THE days are numbered for street preachers in central Harare as the city council has threatened a vicious clampdown against the “illegal and ungodly street evangelists”. Harare City Council’s acting corporate communications manager Mr Michael Chideme issued a stern warning against street preachers, whom he accused of flagrantly flouting by-laws prohibiting such activities.
The council’s warning comes against a backdrop of a proliferation of street preachers who sometimes attract scores of people who — along with vendors selling their wares — block pedestrian traffic.
However, there is an interesting case of a lone preacher who has been sharing the Word to just one for several months at the junction of First Street and George Silundika Avenue.
These preachers — mostly young men — are an everyday feature along First Street and Speke Avenue.
But the Harare City Council has had enough.
“We are very much against this habit of people preaching in the street and wherever we will see them we will ask them to leave that place. These people are now disturbing the peace that people should enjoy in the city centre while doing their different activities,” said Mr Chideme.
“That is why we gave them and continue to allocate them church stands, if they want to preach to people they should invite them to church not to invite themselves to the street.”
Are these street preachers genuinely preaching to save souls like what happened in the book of Acts, or are they looking to make an extra dollar?
Some of them are students doing “industrial attachment” as they pursue qualifications with theological schools.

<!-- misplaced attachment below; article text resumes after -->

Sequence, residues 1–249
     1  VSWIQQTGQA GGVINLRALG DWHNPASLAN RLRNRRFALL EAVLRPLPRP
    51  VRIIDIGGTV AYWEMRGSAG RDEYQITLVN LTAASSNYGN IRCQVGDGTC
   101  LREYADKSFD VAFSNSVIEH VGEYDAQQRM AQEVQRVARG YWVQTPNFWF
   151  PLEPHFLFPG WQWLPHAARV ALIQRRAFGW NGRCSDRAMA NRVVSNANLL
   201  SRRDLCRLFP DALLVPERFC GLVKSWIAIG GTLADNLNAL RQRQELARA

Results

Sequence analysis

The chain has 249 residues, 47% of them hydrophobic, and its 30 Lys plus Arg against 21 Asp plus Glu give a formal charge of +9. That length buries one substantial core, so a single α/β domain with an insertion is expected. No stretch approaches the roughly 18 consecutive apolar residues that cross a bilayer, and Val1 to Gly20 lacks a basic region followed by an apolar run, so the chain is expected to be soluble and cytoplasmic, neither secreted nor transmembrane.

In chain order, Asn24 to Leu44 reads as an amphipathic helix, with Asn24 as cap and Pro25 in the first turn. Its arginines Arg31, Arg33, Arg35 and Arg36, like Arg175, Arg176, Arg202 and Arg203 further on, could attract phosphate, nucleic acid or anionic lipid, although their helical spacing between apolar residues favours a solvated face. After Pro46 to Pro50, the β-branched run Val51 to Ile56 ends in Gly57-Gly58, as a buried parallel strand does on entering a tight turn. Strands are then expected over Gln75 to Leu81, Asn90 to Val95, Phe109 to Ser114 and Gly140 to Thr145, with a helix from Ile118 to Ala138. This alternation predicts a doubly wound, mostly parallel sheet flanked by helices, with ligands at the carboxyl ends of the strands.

Mr Nyasha Mupanzuri of End Time Message Church said, “The city council is 100 percent correct in not allowing street preaching. But inasmuch as the council is correct, I plead with the city fathers to at least allocate us a certain place and time so we can preach, for example during lunch because people need to be saved.”
He denied street preaching was about making money.
“The main reason why I preach in the street is because many people are getting false doctrines in their respective churches. Therefore, we preach to let people know the true gospel,” said Mupanzuri.
Another street preacher, Emmanuel Sakupwanaya, said the practice was necessary as it contributed to peace-building.
“Most of the preachers are now doing this for money and only a few are preaching the true gospel of Jesus Christ,” he added.
Mr Emmanuel Mujiche, a shop assistant working along First Street, said street preachers were helping to save lost souls.
“There is nothing wrong with street preaching, we have seen some of the people attending the sermons getting saved,” he said